Witchcraft found in Narnia

While I would not go so far as to question whether C.S. Lewis was truly a Christian, I HAVE wondered just how much did he know scripture. I say this because, even though he is praised as a wonderful theologian, his fiction books are filled with elements of the witchcraft and the pagan occult world.

If one does not come from a background where paganism and magic are a major focus, it is easy to dismiss the concerns I have of at least some of his fiction. But those who have been involved in the occult often see what concerns me.

This is an excellent article discussing some of my own concerns (from http://amazingdiscoveries.org/S-deceptions-witchcraft-narnia-chronicles):

“As a former witch, astrologer, and occultist who has been saved by the grace of God, I know that the works of C.S. Lewis are required reading by neophyte witches, especially in the United States and England. This includes The Chronicles of Narnia, because it teaches neophyte, or new witches, the basic mindset of the craft.”

Another quote from the article:

“Those strange words EUAN, EUAN, EU-oioi- oi are an ancient witches’ chant used to invoke the power and presence of the god of drunkenness and addiction, who is named Bacchus. But wait, as the story goes on, it gets worse as the witchcraft increases and becomes more obvious.”

 We see that he obviously was still very affected by paganism he had studied in his earlier life:

“I had some ado to prevent joy and myself from relapsing into paganism in Attica! At Daphni it was hard not to pray to Apollo the Healer. But somehow one didn’t feel it would have been very wrong – would have only been addressing Christ sub-species Apollinis.”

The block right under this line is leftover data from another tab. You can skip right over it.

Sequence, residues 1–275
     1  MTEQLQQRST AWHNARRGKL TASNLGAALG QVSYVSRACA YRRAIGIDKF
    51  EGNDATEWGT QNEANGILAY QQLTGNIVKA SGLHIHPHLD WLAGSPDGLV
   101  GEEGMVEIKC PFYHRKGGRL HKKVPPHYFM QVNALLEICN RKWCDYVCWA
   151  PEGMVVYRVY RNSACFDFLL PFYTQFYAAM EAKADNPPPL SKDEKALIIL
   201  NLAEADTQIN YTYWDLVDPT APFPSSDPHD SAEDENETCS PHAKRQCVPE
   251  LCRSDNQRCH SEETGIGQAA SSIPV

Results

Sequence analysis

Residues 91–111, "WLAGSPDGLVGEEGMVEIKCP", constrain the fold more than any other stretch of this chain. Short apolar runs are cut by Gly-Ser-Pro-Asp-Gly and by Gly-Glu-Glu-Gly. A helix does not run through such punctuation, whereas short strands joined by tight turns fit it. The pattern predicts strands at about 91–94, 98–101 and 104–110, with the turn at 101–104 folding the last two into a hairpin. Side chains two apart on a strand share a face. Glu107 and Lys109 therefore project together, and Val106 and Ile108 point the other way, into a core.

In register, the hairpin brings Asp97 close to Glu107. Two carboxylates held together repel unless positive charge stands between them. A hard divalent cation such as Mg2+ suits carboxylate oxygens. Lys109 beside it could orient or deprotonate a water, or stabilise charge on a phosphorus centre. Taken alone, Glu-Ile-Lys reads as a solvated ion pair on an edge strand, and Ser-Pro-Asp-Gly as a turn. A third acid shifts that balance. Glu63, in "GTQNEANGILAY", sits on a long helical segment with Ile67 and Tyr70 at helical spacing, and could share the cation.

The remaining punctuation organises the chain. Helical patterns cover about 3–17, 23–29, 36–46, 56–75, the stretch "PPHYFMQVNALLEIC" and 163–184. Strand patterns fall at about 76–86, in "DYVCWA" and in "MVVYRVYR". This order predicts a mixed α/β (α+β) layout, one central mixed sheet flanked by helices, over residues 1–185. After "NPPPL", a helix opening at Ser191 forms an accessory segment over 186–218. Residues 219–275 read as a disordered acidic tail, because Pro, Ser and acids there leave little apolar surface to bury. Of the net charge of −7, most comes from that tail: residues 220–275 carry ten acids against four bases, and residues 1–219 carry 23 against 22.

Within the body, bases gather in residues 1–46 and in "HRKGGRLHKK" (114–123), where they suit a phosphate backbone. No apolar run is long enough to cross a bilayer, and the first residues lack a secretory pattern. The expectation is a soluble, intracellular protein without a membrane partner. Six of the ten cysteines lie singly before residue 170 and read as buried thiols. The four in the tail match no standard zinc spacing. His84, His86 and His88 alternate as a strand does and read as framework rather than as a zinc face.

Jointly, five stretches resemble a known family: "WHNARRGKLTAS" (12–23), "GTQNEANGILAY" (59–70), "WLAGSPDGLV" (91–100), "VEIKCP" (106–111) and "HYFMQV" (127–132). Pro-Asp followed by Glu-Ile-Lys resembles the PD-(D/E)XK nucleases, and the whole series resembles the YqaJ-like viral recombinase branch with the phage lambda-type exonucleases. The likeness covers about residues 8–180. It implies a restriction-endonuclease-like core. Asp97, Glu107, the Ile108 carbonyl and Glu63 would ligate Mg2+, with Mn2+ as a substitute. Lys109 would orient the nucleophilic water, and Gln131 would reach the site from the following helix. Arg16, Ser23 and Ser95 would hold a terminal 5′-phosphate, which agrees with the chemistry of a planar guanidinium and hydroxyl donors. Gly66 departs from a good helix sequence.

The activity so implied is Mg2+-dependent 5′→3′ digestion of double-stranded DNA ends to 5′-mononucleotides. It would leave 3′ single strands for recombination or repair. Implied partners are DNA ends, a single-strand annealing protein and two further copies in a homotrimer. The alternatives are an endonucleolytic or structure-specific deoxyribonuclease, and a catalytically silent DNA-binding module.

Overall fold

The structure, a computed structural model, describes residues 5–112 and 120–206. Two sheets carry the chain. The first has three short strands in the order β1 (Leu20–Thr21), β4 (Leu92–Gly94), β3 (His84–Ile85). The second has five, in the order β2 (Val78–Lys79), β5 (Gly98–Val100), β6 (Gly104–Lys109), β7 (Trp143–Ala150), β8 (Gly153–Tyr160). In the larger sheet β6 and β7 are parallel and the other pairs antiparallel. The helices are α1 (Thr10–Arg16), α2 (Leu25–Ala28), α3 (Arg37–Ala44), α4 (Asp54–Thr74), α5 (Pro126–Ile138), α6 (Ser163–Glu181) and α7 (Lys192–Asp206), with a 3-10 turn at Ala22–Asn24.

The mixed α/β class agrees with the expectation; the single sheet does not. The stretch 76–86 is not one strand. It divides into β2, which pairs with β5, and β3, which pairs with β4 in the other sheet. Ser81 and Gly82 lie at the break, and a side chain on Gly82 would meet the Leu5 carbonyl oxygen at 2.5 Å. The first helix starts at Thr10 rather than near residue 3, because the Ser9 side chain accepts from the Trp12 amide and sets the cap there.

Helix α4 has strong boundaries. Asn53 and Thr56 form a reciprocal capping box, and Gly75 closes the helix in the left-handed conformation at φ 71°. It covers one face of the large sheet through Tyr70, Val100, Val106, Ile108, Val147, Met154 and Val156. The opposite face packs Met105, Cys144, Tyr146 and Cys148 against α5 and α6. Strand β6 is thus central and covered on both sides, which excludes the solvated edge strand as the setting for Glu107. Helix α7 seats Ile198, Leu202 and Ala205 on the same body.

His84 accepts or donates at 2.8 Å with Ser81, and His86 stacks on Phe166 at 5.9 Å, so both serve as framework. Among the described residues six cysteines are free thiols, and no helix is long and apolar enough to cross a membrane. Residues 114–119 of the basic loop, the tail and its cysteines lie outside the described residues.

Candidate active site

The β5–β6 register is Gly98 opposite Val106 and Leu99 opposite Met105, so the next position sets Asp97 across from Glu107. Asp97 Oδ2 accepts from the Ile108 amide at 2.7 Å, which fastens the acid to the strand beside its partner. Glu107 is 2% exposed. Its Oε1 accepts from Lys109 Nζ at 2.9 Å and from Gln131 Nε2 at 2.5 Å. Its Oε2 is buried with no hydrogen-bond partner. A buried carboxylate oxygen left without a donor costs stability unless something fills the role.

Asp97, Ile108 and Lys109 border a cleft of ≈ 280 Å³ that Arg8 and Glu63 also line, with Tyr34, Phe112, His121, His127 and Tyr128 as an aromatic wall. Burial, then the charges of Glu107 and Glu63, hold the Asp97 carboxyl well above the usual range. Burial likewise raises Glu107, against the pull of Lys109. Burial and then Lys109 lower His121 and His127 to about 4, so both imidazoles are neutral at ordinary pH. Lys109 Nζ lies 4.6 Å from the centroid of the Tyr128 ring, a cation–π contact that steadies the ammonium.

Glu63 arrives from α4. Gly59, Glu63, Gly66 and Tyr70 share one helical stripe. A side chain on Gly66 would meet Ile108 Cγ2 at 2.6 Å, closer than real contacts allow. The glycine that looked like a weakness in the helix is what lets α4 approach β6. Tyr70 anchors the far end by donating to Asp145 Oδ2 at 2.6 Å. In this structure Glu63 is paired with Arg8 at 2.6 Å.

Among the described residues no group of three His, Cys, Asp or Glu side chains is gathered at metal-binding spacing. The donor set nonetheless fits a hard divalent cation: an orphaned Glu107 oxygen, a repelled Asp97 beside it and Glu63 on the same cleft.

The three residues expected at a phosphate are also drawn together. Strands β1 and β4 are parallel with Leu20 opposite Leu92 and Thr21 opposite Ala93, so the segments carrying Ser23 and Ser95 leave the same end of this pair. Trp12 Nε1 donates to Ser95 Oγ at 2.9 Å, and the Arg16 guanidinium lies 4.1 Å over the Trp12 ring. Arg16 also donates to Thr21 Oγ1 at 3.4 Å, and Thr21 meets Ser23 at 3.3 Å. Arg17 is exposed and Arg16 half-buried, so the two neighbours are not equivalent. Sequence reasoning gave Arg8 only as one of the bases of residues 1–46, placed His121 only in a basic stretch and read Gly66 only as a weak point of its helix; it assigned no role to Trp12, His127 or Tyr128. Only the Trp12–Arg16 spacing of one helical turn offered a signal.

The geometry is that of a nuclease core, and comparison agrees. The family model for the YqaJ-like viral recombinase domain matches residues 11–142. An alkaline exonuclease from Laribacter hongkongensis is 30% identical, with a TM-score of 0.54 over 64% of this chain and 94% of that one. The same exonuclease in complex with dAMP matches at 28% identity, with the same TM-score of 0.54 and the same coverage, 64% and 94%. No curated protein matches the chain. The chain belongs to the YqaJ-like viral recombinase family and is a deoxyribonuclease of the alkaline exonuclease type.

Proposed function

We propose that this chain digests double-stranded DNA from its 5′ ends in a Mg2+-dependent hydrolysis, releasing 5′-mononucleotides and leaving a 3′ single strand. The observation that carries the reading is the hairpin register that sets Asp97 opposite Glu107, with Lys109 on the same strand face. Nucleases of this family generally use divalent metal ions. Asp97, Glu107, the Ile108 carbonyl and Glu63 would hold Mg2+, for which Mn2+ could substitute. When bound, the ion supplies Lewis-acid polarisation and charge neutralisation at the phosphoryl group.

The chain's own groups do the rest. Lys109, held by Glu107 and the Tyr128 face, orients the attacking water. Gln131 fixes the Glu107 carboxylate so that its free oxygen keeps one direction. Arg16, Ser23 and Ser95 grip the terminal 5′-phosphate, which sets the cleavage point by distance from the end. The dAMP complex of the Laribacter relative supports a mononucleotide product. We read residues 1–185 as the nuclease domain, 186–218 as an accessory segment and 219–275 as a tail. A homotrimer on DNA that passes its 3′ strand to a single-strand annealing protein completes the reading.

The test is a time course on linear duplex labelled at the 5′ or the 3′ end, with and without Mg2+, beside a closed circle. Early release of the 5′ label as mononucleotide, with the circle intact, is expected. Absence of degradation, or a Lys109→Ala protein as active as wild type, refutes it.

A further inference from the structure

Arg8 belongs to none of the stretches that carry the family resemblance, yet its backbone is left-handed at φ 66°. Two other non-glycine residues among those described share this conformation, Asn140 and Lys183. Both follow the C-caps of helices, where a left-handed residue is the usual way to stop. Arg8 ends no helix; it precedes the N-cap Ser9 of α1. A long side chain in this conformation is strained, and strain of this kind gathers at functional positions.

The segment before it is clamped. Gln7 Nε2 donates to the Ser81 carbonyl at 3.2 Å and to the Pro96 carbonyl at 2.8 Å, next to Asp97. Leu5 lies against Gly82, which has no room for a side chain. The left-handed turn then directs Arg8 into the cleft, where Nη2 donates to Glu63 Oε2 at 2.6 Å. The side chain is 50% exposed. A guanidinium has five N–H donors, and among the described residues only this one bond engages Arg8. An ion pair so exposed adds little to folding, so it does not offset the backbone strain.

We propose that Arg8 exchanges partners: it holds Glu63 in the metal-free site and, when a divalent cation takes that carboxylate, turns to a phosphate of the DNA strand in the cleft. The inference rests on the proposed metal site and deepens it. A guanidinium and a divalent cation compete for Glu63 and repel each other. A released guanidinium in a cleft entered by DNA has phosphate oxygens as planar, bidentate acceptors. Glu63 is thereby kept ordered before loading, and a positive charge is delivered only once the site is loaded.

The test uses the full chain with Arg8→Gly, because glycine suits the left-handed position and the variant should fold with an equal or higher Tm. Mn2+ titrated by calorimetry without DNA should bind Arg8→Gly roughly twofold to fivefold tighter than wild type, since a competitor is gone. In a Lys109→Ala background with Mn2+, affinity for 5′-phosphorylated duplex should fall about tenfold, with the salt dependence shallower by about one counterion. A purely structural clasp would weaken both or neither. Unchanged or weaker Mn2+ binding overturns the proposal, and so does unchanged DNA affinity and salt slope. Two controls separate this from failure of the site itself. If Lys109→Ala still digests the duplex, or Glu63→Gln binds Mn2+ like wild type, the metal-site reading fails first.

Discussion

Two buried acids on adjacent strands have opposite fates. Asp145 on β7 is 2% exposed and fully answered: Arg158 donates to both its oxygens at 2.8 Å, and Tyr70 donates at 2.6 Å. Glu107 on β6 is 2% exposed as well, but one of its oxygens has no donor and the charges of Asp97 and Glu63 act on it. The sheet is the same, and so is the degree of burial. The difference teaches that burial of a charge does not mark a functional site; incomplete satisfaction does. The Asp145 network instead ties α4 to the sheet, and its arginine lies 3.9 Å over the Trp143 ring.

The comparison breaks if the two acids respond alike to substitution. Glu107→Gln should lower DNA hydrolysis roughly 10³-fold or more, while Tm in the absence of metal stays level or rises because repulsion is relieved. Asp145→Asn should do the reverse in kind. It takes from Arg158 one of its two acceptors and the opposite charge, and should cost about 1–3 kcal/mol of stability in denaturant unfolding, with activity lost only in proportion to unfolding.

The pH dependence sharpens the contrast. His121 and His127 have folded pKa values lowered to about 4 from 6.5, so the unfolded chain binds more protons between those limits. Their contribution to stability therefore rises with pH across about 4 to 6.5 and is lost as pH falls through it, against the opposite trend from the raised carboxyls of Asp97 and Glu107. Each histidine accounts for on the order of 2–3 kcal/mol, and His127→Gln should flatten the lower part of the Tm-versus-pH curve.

In fact, we see in another article (http://amazingdiscoveries.org/S-deception-cs-lewis) that C.S. Lewis was plagued all his life with his early beginnings in the world of the occult:

“Lewis tells how at age 13 he abandoned his Anglican faith due to the influence of a school mistress who was involved with “Theosophy, Rosicrucianism, Spiritualism; the whole Anglo-American Occultist tradition.”…“And that started in me something with which, on and off, I have had plenty of trouble since—the desire for the preternatural, simply as such, the passion for the Occult. Not everyone has this disease; those who have will know what I mean. I once tried to describe it in a novel. It is a spiritual lust; and like the lust of the body it has the fatal power of making everything else in the world seem uninteresting while it lasts.”


I have written elsewhere that God has said to not do magic (https://wbmoore.wordpress.com/2015/01/14/god_said_do_not_practice_things_of_an_occult_nature/)

As a former witch, it concerns me that there is so many elements of witchcraft and the occult in general in his Narnia series. It seems to me that this entices our children to try witchcraft, rather than teaches them what scripture says. I urge you to look at scripture and compare it to what is in the Chronicles of Narnia and make up your own mind.



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